The article "How stakeholders view stakeholders as CSR motivators" presents an empirical study that investigates the perceptions of different stakeholder groups regarding their relative importance in motivating managers to engage in corporate social responsibility (CSR). While the study provides some valuable insights, it also has several limitations and potential biases.
One potential bias is the limited scope of the study, which was conducted only in Norway. Therefore, generalization of the findings to other countries and cultures may be limited. Additionally, the sample size of 264 respondents may not be representative enough to draw definitive conclusions.
Another limitation is that the study only considers five stakeholder groups (owners, employees, customers, NGOs, and governmental authorities), while there may be other important stakeholders such as suppliers or local communities that were not included. Moreover, the study does not explore how different stakeholder groups may have conflicting interests or priorities regarding CSR.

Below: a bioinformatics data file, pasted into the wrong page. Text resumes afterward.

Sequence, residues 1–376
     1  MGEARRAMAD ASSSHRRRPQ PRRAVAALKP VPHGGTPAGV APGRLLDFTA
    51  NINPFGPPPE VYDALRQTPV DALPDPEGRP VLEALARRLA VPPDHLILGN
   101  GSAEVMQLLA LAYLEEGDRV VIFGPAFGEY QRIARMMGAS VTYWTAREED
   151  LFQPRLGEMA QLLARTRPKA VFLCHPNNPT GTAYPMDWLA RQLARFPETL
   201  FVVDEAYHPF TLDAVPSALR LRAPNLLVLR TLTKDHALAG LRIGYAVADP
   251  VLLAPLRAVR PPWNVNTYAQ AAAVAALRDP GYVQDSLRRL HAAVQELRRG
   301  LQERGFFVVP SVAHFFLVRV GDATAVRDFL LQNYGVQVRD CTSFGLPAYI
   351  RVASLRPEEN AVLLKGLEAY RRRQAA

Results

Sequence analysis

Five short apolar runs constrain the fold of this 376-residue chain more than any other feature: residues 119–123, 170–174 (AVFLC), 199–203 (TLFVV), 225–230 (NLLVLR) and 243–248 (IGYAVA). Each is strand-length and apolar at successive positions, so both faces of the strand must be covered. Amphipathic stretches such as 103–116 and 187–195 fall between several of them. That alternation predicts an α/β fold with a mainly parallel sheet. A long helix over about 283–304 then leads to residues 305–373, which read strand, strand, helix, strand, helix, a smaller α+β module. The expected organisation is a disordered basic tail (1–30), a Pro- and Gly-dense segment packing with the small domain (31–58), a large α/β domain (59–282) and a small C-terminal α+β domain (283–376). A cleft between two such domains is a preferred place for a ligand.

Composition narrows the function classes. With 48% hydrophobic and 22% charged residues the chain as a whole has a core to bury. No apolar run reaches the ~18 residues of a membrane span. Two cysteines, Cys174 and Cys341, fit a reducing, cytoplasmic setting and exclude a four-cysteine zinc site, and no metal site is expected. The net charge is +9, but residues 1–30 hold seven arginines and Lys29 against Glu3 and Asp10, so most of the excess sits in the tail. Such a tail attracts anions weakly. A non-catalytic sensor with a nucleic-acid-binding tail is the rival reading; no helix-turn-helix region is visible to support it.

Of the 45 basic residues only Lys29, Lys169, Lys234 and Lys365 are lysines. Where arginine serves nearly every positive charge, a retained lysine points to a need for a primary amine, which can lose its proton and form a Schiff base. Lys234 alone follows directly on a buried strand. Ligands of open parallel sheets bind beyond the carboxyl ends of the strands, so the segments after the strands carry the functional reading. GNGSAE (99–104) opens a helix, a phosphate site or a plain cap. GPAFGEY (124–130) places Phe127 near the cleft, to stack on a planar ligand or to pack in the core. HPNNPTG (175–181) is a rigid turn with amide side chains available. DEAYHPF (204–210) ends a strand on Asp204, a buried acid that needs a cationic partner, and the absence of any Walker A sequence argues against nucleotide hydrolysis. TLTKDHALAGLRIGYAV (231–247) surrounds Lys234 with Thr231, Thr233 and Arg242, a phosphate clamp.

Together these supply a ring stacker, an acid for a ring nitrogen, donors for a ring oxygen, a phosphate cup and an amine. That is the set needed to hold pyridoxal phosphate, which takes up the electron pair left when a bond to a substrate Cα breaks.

Furthermore, the article does not provide a clear definition of what constitutes CSR or how it is measured. This lack of clarity makes it difficult to assess whether the findings are valid and reliable.
Finally, while the article suggests that customers should be viewed as key motivators for managers to pursue CSR, it does not provide sufficient evidence to support this claim. The study only shows that customers are perceived as more important than NGOs or governmental authorities in motivating managers to engage in CSR. However, this does not necessarily mean that customers are more effective or influential in promoting CSR than other stakeholders.
Overall, while the article provides some useful insights into stakeholder perceptions of CSR motivators, it also has several limitations and potential biases that need to be taken into account when interpreting its findings.